Specialists Week – Gunner vs Vise

Our week long dive into the third phase takes us into the dark world of gunners and vises. Gordon McGuinness is your guide to the league's best.

| 1 year ago

Specialists Week – Gunner vs Vise

Specialist Week- GvVOur third article focusing on special teams takes a look at, for me anyway, the most interesting matchup that we find between two opposing units. That is the battle between the gunner and the vise on punts.

Lining up out wide on the play, in the same way you’d find a wide receiver matched up with a cornerback, the gunner is trying to get off the line of scrimmage as quickly as possible and get downfield to record a tackle, force a fair catch, or edge the returner to the sideline. The advantage is always in favor of the gunner, who knows the intended direction of the punt and has a lot of field to work with to get past the vise.

With that in mind teams will often use two players opposite each gunner in order to protect against both an inside and outside release. The downside to this however, is that it leaves less players on the line of scrimmage, making it harder to block the punt, and tougher to hold up the punt team as they attempt to get downfield themselves.

One thing which helps the vise out however, is what they are allowed to get away with contact wise. They may line up in a similar position to a wide receiver and a cornerback, but a vise is allowed to make much more contact than a cornerback ever would.

With all that in mind here’s a breakdown of the best, and worst, at both positions.

Gunners – The Top Five

Gunners Top 5

Top Five Gunners by Grade – 2014 Season

– The best gunner is the NFL last year was Marcus Easley, with nobody else able to get off blocks and get downfield as well as he did.

– The term “Special Teams Ace” is banded around a lot, to the point that it essentially just means a player who exclusively plays special teams at this point. That being said, it’s perfectly accurate when used to describe Matt Slater who lived up to that billing for the Patriots this year.

– Ron Brooks’ inclusion gives the Bills two players in the top five, confirming their status as the best gunner duo in football.

Gunners – The Bottom Five

Bottom Five Gunners by Grade - 2014 Season

Bottom Five Gunners by Grade – 2014 Season

– Brandon Boykin might be one of the best slot corners in the NFL, but he is not one of the best gunners. He made just one tackle when lined up at the position in 2014.

– How did Eddie Pleasant grade out as the worst gunner in football in 2014? His four missed tackles certainly didn’t help, but he also routinely failed to get off double teams.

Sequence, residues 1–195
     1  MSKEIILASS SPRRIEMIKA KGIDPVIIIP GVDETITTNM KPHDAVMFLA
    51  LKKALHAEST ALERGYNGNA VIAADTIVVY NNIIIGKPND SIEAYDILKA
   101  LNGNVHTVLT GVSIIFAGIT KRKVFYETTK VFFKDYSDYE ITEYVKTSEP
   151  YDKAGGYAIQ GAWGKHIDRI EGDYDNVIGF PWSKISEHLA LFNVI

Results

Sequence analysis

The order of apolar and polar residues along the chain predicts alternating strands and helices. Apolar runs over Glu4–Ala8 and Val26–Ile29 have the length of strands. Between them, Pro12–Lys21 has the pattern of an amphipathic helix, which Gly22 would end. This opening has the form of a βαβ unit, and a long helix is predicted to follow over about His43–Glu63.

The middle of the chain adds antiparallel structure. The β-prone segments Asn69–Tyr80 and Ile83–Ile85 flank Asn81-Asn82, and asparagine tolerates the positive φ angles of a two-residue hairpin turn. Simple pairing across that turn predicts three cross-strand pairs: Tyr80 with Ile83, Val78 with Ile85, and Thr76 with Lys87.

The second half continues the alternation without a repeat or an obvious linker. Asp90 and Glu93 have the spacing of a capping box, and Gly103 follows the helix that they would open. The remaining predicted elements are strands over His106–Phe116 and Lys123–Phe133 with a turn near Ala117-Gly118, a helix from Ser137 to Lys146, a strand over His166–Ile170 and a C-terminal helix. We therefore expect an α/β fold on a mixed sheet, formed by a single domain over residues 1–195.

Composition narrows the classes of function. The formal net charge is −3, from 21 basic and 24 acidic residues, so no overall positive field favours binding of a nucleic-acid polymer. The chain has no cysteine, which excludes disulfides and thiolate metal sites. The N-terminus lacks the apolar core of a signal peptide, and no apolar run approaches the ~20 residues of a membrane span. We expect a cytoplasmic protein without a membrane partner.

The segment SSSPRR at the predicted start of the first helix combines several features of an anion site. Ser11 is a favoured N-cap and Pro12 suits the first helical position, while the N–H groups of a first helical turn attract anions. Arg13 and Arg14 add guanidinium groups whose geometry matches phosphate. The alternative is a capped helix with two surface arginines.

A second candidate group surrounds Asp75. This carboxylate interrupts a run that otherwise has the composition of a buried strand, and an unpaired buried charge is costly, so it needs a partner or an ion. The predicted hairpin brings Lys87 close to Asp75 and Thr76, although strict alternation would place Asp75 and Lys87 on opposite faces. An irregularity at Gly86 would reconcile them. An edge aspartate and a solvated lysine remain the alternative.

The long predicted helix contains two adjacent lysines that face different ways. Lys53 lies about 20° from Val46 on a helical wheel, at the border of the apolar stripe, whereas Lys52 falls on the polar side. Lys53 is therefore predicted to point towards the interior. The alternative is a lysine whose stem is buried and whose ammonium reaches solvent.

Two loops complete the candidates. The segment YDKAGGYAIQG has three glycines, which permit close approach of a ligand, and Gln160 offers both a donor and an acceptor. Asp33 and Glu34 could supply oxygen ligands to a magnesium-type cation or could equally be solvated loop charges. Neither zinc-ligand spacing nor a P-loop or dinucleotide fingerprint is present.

– Jaron Brown was our second lowest gunner, but that didn’t deter the Cardinals from using him there, with his 95 snaps the most of any player at the position.

Vise – The Top Five

Top 5 Vises by Grade - 2014 Season

Top Five Vises by Grade – 2014 Season


– Justin Bethel narrowly missed out on being our highest graded vise two years in a row, with a slow start to the season ultimately being what cost him the crown.

– If we’re going to call players Special Teams Aces, let’s start with Kelcie McCray. The best vise in football in 2014, he was also handy on kick coverage.

– While the Bills have gunners, the Chiefs have two of the top five vises in the NFL from a year ago. Those teams square off in Week 12, making for an exciting battle on the perimeter of the punting game.

Vise – The Bottom Five

Bottom Five Vises by Grade - 2014 Season

Bottom Five Vises by Grade – 2014 Season

– With Omar Bolden and Kayvon Webster struggling last season, the Broncos had two players in the bottom five.

– Webster is another player who didn’t see his poor play result in less snaps, with only six players seeing more snaps at the position last year.

– At a position where you are allowed to be more physical than many expect, Crezdon Butler still managed to be charged with three holding penalties.


Follow Gordon on Twitter: @PFF_Gordon

| Analyst, Lead Special Teams Analyst

Gordon has worked at PFF since 2011, and now heads up the company’s special teams analysis processes. His work in-season focuses on college football, while he is also heavily involved in PFF’s NFL draft coverage.

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